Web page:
May 22 ...
The painter Vincent van Gough kept up a long correspondence with his brother Theo, who supported him financially. As we well know, Vincent ‘went mad’, cut off his ear, and ended up in an asylum at Saint-Rémy. He wrote to his brother from there on this day in 1889.
“The food all right as far as it goes. It tastes a bit musty, of course, as in a cockroach-infested restaurant in
In other words, beans are fart food – perfect for a little offensive fun in the asylum or elsewhere. I don’t know of any scientific studies to back this up, but there is a widespread belief that lentils are the least likely of the dried pulses to offend in this way. Sometimes our received wisdom is not very wise after all, so I would not be surprised to find that this is not at all true.
Much is written about the lentil, but almost none of it tells a story, which is a waste of writing in my opinion. Unless the story is about uncertainty of purpose. There is no consensus on what the poor lentil is supposed to do with its life.
Is is merely Lenten food?
Lentils are much used in Lent time: they bind up and qualify the too great Motion of the Humors, by their gross and earthy Juice, which thickens the Liquors, and gives them a greater Consistence than before.
[A Treatise on all sorts of Foods: Both animal and vegetable … Louis Lémery, 1745]
Is it a medicine?
The Pharmacopoeia Universalis: Or, A New Universal English Dispensatory,(1747) suggests a decoction of red beets with lentils to check a Diarrhoea.
Is it fit only for animals?
The Complete Steward, or, the Duty of a Steward to His Lord (1761)
Suggests lentils as excellent sweet fodder for calves, and the best food for pigeons.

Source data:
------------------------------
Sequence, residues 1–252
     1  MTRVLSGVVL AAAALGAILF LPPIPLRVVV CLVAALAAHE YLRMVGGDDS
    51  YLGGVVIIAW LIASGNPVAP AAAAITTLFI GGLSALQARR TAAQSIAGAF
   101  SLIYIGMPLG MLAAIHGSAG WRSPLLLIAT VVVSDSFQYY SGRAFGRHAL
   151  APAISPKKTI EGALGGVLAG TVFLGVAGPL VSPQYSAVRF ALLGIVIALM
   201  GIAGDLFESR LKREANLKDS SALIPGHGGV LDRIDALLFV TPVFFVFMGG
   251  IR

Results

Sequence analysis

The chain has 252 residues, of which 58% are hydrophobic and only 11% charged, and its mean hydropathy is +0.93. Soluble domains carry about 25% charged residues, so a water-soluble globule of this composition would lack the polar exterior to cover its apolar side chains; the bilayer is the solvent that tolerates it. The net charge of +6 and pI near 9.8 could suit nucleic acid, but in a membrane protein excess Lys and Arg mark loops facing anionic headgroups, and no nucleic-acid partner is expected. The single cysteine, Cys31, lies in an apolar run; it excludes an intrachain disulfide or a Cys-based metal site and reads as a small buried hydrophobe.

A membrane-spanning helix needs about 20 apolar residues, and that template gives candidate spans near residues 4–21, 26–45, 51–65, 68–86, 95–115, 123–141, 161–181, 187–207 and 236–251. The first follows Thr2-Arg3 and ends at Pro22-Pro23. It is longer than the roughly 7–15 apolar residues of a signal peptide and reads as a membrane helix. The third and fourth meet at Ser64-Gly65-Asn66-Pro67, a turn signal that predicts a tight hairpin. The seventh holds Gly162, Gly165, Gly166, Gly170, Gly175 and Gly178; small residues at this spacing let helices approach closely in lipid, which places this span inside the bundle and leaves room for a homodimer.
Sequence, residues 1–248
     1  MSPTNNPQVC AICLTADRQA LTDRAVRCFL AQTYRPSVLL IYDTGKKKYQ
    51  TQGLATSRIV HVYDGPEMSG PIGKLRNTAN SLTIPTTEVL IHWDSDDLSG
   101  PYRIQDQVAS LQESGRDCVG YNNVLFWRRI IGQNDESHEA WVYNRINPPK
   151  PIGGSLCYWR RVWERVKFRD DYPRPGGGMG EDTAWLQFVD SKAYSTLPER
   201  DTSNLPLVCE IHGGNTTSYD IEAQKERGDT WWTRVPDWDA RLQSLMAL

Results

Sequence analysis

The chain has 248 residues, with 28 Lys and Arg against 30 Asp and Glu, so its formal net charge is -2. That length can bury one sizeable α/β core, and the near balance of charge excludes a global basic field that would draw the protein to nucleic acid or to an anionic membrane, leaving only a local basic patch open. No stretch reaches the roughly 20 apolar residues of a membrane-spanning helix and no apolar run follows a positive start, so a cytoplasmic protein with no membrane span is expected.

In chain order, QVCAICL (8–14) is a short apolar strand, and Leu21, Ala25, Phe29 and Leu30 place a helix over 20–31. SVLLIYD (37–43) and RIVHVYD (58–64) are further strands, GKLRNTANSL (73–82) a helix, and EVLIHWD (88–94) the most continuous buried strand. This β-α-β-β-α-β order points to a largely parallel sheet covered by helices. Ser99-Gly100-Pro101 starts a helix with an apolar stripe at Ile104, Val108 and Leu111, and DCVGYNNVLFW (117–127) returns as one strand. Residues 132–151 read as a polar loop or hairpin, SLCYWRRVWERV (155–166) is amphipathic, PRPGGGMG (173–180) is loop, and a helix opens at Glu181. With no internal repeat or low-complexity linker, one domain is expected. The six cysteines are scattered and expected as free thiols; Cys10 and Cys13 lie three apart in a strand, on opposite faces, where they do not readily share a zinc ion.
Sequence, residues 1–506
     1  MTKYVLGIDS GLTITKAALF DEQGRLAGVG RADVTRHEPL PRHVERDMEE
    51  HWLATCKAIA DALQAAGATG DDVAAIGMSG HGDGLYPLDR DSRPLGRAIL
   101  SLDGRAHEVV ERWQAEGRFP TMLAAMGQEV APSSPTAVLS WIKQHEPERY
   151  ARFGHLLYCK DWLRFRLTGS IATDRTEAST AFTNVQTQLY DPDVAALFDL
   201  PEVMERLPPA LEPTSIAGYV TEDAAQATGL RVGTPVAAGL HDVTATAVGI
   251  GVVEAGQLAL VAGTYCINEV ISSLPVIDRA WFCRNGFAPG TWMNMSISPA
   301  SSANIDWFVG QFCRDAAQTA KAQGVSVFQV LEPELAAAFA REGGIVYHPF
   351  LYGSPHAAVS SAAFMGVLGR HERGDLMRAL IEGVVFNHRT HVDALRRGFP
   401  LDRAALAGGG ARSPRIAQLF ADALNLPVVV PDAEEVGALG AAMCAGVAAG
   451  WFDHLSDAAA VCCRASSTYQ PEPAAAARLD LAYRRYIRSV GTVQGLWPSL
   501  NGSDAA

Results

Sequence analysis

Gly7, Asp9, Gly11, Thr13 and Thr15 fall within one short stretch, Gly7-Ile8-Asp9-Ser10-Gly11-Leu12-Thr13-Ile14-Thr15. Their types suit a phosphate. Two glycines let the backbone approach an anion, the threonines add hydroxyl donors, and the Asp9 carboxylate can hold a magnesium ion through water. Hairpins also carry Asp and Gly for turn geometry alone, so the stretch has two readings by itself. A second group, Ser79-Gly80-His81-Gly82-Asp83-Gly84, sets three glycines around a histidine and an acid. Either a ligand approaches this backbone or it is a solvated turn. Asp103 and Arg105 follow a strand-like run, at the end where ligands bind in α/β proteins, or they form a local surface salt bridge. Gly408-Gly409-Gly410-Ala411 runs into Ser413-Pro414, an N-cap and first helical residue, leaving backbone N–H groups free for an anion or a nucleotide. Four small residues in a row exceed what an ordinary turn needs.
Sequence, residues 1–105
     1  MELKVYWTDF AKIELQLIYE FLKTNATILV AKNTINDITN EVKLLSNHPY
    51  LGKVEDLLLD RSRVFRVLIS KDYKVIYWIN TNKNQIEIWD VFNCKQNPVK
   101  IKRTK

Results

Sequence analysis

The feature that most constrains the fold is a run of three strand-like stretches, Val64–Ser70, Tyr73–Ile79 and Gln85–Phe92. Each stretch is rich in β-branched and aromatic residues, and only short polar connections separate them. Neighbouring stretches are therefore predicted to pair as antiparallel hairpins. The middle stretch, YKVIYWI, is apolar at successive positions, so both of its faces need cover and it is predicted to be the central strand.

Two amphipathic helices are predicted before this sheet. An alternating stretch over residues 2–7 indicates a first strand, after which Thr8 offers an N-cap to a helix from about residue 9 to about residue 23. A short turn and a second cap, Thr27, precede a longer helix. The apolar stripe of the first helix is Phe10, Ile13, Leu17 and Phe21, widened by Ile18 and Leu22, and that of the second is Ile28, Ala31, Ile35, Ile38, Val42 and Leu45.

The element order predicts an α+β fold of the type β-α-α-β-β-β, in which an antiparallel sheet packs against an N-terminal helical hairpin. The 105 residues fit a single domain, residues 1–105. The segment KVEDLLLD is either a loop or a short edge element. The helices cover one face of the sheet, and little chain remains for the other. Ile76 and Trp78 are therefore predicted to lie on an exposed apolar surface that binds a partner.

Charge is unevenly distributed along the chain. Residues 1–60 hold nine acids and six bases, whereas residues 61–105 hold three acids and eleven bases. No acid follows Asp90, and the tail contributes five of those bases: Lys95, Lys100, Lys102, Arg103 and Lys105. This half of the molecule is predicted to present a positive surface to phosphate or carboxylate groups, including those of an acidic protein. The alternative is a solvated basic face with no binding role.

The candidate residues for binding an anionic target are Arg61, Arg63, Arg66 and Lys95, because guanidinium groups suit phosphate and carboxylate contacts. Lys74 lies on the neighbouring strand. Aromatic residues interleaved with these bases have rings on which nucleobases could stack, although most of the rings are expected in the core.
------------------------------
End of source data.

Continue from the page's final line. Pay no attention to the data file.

Or is it brain food?
“The Egyptians, whose ideas were sometimes most eccentric, imagined it was sufficient to feed children with lentils to enlighten their minds, open their hearts, and render them cheerful.”
[Alexis Soyer’s The Pantropheon, or, History of Food and its Preparation … 1853]
Luckily for us, some do consider the lentil a tasty food. From The Cook's Dictionary and House-keeper's Directory … , by Richard Dolby (1830):
Make a light roux, in which put some sweet herbs, or onions cut in dice; give them a few turns in the roux; to which add a little stock, or water; when well mixed, put in the lentils with salt and pepper. Serve them hot.
Lentils à la maître d’hôtel.
Boil some lentils in salt and water; then drain them, and put them in a saucepan, with a large piece of butter; shred parsley, some salt, and pepper; toss them in a stewpan, and serve them hot. Garnish with crusts of bread round.
Another story inspired by one of Vincent’s letters is HERE.
Tomorrow’s Story …
Quotation for the Day …
"I hate with a bitter hatred the names of lentils, haricots -- those pretentious cheats of the appetite, those tabulated humbugs, those certified aridites calling themselves human food!" George Robert Gissing, English novelist (1857-1903)
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